With the luxury of a 25-strong unafraid and well-focused cast and a fine saxophone-led band, it tells the story of Denry Machin, an ambitious youngster in the mould of Waterhouse’s own Billy Liar who rises to fame and fortune in his small Potteries town through wily charm and steely determination.
Fraser Davidson makes Denry’s journey a confident arc of discovery from schoolboy to prosperous businessman, and carries the songs with a well-supported light tenor and naturalistic performance. Edward Bartram is every bit as promising as his best mate Parsloe, Jess Davidson pulls off the complex role of machinating Ruth Earp with class, and Charley Nicol shows great comic potential as Denry’s washerwoman mother whose sardonic commentary punctuates most of the scenes.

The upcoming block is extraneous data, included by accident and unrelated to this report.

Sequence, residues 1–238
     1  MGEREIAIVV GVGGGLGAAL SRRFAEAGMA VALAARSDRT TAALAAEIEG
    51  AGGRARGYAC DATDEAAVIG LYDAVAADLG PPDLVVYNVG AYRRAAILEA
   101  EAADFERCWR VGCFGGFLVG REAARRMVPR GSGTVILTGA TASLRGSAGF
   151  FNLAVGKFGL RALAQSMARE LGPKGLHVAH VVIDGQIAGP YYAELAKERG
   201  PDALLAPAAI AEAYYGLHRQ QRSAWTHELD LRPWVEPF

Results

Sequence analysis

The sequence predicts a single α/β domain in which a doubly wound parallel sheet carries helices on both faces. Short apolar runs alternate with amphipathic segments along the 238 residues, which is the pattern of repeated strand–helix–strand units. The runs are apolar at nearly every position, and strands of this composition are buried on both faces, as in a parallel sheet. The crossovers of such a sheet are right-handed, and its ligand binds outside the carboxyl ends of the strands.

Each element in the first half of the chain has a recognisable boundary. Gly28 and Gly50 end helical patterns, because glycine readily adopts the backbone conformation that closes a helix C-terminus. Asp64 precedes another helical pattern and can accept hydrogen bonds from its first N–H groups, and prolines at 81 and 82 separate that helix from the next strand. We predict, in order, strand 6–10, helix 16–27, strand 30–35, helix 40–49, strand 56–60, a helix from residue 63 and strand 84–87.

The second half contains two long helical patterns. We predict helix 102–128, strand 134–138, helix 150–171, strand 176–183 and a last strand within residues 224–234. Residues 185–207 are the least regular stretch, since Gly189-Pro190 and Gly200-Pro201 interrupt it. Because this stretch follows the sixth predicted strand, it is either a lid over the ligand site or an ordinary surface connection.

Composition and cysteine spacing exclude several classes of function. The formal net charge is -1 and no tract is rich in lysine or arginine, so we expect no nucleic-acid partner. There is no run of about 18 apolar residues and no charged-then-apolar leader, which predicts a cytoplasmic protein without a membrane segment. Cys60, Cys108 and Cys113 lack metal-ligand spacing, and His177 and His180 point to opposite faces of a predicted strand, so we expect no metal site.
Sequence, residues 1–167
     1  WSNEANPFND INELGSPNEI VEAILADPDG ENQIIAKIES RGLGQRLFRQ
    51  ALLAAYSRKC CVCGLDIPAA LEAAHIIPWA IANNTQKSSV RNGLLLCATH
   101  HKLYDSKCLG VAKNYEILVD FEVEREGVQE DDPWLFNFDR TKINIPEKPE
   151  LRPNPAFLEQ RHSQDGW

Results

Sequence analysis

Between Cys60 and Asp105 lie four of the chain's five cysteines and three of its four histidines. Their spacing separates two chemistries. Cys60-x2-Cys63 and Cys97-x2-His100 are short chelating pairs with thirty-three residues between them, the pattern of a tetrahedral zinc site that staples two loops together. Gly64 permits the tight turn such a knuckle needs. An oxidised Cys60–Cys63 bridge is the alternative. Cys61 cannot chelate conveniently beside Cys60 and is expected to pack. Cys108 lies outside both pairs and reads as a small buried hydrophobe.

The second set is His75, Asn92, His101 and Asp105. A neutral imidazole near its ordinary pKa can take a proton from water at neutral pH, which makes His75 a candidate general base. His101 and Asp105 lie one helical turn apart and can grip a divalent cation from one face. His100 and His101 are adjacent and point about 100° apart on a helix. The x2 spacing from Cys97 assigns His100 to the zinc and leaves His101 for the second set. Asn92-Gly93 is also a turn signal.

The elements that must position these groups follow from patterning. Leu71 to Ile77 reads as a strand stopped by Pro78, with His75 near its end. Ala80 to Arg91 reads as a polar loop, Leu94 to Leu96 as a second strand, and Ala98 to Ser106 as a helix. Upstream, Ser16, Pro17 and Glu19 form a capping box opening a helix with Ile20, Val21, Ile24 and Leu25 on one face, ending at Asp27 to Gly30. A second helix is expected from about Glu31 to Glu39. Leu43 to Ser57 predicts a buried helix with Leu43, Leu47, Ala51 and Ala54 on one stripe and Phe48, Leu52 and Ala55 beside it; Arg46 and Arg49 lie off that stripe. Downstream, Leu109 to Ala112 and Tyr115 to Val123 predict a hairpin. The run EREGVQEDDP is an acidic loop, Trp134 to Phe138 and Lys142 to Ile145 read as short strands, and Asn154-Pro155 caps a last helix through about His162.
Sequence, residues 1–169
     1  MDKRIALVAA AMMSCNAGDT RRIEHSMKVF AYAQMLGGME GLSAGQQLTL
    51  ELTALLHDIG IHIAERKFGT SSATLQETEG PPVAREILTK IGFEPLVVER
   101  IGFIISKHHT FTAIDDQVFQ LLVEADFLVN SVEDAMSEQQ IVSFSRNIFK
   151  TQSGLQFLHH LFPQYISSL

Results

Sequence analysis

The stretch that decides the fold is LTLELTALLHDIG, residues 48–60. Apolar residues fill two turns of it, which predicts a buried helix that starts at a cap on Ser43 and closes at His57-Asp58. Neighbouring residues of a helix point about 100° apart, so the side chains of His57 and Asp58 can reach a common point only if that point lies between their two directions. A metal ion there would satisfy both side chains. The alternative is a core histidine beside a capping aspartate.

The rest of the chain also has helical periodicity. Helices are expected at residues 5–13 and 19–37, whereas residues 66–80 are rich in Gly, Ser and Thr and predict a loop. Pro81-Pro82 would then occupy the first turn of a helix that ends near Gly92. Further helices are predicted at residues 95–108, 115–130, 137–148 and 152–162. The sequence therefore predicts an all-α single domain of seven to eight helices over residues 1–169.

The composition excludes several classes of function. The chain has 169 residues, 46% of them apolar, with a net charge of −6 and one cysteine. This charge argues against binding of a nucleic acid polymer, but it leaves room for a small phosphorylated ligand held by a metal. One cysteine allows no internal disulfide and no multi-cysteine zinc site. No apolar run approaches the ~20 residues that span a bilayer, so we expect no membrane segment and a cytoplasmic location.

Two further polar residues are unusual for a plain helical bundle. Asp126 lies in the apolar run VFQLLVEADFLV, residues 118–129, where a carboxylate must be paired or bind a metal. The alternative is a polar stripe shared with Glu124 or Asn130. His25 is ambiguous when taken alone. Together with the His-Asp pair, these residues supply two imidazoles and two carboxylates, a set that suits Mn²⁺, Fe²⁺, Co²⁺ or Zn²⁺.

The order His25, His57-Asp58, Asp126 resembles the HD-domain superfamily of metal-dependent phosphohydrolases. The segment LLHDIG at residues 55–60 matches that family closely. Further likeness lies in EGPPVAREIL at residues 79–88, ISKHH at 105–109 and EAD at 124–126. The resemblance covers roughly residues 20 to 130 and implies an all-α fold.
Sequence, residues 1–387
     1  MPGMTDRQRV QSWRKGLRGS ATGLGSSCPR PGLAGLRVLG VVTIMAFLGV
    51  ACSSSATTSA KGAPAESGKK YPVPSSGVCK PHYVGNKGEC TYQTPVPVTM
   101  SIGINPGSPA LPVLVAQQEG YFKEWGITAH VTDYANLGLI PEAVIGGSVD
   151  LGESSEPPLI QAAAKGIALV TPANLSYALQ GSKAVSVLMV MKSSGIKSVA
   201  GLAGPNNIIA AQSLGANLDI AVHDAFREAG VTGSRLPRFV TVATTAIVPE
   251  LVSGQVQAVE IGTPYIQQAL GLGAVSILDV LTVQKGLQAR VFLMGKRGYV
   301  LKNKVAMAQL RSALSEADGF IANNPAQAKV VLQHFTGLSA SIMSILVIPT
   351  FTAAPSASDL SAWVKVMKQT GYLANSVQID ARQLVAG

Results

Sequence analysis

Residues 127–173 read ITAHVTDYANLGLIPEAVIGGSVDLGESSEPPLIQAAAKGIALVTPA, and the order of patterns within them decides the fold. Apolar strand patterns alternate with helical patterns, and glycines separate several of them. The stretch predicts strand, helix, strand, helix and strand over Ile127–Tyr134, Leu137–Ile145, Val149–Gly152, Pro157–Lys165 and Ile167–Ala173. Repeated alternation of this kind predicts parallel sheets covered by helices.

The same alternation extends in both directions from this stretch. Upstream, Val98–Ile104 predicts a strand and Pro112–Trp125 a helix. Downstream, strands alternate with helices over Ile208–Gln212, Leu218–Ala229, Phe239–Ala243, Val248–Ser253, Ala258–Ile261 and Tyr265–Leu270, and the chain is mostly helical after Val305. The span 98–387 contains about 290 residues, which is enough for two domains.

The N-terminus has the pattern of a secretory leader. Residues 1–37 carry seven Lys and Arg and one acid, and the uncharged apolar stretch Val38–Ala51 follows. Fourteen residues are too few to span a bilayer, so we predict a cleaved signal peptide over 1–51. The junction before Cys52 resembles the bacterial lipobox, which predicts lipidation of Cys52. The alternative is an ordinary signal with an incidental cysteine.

Although amateur, all the voices are free from the karaoke desperation of teenage singers and have been well-coached in musical theatre delivery by director Adrian Connell. In the ensemble numbers the sound is strong and well-blended, and the diction excellent. The many scene changes are slickly accomplished and the show moves at a great pace.
There are two versions of this musical, and whereas this one benefits from some sharpened lyrics from Betty Blue Eyes’ Anthony Drewe, the music’s a touch repetitive and the best songs from the original have been excised. That said, this production is a credit to the company and further consolidates their Edinburgh reputation.